Seaweed Fights Ocean Acidification
UW will investigate seaweed as a tool to fight ocean acidification in Puget Sound
This project will explore the use of native vegetation to help manage the effects of ocean acidification in Puget Sound. Terrie Klinger
The University of Washington will be working with the Bainbridge Island-based Puget Sound Restoration Fund to see whether growing seaweed could help combat ocean acidification in Puget Sound waters.
By Hannah Hickey
News and Information
Like plants on land, kelps and other seaweeds naturally take up carbon dioxide. Puget Sound waters are already high in carbon dioxide and are projected to become more so in the future. Seaweeds, which are naturally abundant in Puget Sound, could help address this growing problem. The team proposes to cultivate seaweed at a demonstration site in north Hood Canal, assess the project’s effect on the acidity of nearby water, and harvest the resulting crop to test marketable products such as plant fertilizer, food and biofuels.
A $1.5 million grant from the Paul G. Allen Family Foundation announced in April will kick-start a five-year demonstration project.
Partners at the UW and the Seattle-based NOAA Pacific Marine Environmental Laboratory will assess the impact of seaweed cultivation on the surrounding water’s chemistry.
“Many people have wondered if the uptake of carbon dioxide by seaweed can realistically be used to offset corrosive conditions in a natural setting,” said project member Jan Newton, an oceanographer at the UW Applied Physics Laboratory. “It’s exciting to be able to test that locally here in Puget Sound.”
The Restoration Fund will propagate seaweed at its shellfish hatchery, located at NOAA’s Manchester Research Station, and seed it onto twine that will be out-planted at the demonstration site. The project initially plans to grow sugar kelp and possibly bull kelp in the water off Hood Head, on Washington’s Olympic Peninsula just north of the Hood Canal Bridge.
Newton and John Mickett, an oceanographer at the Applied Physics Laboratory, will work with NOAA scientists to lead the chemical studies. UW and NOAA researchers will install two buoys with instruments inside the area, and then will work with the Washington Department of Natural Resources to place about 10 more water sensors in different locations to better gauge the extent of any changes.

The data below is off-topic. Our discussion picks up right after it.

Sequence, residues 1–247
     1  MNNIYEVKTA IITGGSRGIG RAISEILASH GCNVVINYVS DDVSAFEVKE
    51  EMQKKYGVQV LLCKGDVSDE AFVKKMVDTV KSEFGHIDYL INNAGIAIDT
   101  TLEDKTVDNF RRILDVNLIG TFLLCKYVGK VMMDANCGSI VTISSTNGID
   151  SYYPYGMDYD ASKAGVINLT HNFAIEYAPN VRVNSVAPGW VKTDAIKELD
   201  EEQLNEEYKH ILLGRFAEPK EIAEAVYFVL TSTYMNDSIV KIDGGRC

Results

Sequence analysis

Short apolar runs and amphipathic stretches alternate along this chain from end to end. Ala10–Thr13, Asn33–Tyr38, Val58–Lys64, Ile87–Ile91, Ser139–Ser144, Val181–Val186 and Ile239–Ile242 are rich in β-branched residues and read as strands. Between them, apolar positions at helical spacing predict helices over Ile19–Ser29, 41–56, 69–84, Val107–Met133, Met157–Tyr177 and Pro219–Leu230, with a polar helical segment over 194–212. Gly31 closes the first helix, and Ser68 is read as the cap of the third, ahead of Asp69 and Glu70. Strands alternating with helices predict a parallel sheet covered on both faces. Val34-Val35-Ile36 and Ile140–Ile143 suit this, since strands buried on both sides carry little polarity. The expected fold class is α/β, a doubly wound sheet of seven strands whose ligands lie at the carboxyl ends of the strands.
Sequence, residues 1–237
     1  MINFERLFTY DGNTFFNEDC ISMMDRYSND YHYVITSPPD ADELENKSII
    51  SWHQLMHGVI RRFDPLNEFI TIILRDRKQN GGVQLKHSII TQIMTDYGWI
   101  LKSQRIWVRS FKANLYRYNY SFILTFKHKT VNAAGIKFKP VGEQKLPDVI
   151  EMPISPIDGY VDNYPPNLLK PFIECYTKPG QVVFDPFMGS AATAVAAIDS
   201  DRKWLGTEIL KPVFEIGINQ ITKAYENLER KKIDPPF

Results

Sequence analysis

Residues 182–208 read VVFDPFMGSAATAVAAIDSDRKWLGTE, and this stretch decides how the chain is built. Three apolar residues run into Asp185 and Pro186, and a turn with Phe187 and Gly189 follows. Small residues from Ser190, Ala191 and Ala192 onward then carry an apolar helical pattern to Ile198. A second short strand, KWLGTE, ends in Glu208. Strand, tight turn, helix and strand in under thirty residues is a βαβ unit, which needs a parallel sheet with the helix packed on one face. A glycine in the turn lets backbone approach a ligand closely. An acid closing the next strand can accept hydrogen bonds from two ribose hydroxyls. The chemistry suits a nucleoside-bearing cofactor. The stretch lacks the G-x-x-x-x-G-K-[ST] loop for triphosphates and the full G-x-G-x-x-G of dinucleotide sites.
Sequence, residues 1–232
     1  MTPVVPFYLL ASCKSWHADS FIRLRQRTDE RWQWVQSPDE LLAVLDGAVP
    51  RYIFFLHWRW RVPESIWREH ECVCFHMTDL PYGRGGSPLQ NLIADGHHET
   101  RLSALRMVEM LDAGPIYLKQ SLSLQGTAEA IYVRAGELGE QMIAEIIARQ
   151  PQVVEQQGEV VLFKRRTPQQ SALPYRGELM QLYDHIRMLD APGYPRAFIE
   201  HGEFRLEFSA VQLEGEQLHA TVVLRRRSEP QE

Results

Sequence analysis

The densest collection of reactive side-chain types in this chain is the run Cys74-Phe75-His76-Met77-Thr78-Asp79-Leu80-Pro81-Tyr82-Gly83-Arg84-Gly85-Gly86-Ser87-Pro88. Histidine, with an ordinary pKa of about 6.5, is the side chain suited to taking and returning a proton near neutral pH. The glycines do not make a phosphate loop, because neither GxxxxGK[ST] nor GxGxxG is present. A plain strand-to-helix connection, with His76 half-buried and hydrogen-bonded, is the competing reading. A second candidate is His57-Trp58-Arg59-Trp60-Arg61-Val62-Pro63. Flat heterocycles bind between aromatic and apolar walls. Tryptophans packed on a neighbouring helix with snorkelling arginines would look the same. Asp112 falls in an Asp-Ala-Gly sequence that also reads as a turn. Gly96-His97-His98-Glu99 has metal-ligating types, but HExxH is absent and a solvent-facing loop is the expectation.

Project member Nina Bednaršek, a postdoctoral researcher in the UW’s School of Marine and Environmental Affairs, will use sea butterflies, or pteropod plankton, to look for any changes in the animals’ ability to form a protective shell.
“This project will explore the use of native vegetation to help manage the effects of ocean acidification in Puget Sound,” said Terrie Klinger, a UW professor of marine and environmental affairs. “It’s exciting to see a project of this scale launched to address a regional problem.”
Newton and Klinger direct the UW-based Washington Ocean Acidification Center. The center regularly conducts monitoring cruises throughout Puget Sound. For this project they will carry out cruises with researchers and students to monitor water all around the seaweed cultivation site.
“Periodically we will use ship surveys to increase the spatial coverage of our assessment. However, surveys have less temporal coverage than moored instruments, which work day and night continuously,” Newton said. “Together these will give us the spatial and temporal coverage necessary to assess the impact of seaweed cultivation on water properties.”
The project, titled “Cultivating Seaweeds in Puget Sound to Protect Shellfish and Other Sensitive Species from Ocean Acidification,” is led by Betsy Peabody and Joth Davis at the Puget Sound Restoration Fund. The proposal was among six finalists chosen for the Allen Foundation’s Ocean Challenge, seeking ideas that would reduce the impact of ocean acidification.
“This is a powerful team of collaborators coming together around a timely issue,” Newton said.